The Door Opens in New York

Brits Off Broadway imports Tony Earnshaw's Pinterish play

The hard, sharp banging of the titular object in The Door (at 59E59 Theaters) puts the audience on edge from the moment the lights go up—it rings through the small black-box theater like a gunshot, and returns at regular and unexpected intervals. “Drives you ’round the bloody bend, doesn’t it?” asks Boyd (Tom Cobley).

“What does?” asks Ryan (Chris Westgate). And they talk about the bloody door, and other things, capitalized topics like God and War and Death and Politics. Eventually, one of them—the dialogue is interchangeable, spoken at varying points by both men—again notes how it drives you round the bloody bend, the other asks what does, and they reset. That dialogue is used like a refrain; in the verses between, we piece together who these men are (a captain and the corporal who served under him), where they are (outside an inquest), and why.

This Pinteresque two-hander is scripted by Tony Earnshaw, a Brit with a good ear for dialogue and a quiet, dry wit. The recurring repartee is a writer’s trick, but the actors resist the urge to do it winkingly. Though the characters’ class differences are drawn somewhat too broadly (between their costumes, dialects, and even reading materials, it’s a bit much), Cobley and Westgate invest the men with an indelible humanity. Both characters (and actors) keep their cool as long as possible, so when they lose it in the climax, the result is electrifying. The duo is evenly matched; Cobley wears a lifetime of disappointment on his weathered face, and Westgate’s final beat is simply extraordinary.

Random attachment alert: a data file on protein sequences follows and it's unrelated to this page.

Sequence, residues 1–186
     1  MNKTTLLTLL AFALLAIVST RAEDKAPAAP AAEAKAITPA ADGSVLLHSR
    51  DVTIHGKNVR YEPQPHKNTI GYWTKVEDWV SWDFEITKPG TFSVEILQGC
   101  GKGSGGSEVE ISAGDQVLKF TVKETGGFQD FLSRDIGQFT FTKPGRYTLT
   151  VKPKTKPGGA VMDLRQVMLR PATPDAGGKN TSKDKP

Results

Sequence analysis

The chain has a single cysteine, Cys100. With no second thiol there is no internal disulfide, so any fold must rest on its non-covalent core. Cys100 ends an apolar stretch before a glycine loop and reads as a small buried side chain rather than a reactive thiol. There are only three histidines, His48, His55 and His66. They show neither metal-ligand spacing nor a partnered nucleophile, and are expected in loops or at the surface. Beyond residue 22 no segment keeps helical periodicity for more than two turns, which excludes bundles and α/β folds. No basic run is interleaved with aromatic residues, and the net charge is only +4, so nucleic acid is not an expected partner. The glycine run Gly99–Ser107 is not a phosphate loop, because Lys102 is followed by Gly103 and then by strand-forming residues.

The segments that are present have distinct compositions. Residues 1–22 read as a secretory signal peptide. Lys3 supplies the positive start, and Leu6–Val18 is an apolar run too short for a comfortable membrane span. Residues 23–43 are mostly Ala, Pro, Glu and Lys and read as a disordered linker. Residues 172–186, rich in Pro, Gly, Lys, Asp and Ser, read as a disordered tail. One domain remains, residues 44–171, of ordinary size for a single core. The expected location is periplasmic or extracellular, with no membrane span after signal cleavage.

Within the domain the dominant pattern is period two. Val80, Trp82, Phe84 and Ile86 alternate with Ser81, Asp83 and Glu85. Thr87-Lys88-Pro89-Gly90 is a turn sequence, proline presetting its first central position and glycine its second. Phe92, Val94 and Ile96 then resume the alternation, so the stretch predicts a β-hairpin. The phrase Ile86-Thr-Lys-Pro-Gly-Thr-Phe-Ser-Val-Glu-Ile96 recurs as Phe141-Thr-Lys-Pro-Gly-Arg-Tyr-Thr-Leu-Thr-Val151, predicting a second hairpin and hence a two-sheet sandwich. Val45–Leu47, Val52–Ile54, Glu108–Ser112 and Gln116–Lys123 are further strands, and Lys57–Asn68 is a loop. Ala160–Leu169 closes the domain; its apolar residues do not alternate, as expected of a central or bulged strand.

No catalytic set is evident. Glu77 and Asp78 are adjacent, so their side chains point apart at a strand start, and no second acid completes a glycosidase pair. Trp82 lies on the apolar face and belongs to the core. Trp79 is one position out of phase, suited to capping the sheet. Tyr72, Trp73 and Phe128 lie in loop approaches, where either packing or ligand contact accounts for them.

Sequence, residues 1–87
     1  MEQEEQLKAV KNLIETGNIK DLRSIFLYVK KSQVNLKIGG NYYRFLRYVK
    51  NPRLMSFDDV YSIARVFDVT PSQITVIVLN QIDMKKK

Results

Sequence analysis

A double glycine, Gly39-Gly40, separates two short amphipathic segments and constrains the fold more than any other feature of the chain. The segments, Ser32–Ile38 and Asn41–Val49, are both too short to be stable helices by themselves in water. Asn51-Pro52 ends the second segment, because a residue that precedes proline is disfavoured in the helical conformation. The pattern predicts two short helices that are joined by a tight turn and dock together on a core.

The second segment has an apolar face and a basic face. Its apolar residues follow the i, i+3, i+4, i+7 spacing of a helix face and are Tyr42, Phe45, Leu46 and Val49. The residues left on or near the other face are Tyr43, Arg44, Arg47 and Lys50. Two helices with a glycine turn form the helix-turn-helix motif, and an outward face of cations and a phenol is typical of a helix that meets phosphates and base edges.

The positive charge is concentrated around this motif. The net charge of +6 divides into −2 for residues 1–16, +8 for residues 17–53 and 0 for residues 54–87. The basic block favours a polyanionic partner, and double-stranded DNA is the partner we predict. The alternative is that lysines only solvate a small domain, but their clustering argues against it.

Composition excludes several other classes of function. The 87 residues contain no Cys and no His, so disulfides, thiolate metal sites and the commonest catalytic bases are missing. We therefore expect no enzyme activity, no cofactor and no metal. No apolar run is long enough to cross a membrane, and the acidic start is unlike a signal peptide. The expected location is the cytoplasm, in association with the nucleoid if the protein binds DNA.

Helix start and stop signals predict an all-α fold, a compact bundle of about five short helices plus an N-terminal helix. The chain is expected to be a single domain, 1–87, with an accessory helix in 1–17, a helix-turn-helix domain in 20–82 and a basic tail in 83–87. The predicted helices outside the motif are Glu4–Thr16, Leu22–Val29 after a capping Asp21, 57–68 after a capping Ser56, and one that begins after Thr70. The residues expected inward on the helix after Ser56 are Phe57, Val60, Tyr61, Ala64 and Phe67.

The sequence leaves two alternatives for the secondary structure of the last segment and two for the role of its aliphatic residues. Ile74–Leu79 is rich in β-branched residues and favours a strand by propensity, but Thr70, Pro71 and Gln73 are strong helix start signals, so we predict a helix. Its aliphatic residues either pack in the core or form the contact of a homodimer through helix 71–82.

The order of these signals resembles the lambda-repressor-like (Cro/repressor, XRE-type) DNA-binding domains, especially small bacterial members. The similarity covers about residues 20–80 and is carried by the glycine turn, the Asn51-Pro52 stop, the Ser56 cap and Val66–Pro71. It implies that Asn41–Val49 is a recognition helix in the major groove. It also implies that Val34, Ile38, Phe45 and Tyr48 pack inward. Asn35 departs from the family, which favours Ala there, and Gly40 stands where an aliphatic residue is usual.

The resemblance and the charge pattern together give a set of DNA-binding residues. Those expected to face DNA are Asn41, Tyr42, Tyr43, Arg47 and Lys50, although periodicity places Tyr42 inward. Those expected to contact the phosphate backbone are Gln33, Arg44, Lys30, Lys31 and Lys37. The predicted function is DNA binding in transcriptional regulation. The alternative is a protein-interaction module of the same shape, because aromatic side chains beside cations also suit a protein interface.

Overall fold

What's behind Door Number 1? Cobley and Westgate.
Tony Earnshaw
What's behind Door Number 1? Cobley and Westgate.

Details

The Door
By Tony Earnshaw
59E59 Theaters
59 East 59th Street
212-279-4200, 59e59.org

In the home stretch, Earnshaw's script relies too much on convention, its concluding twist almost expected, the subsequent dialogue pro forma. The play, directed by Anna Adams, is best in the early, enigmatic scenes—it’s more compelling the less we know. But even once its secrets are revealed, The Door is a riveting, intelligent piece of work.

 
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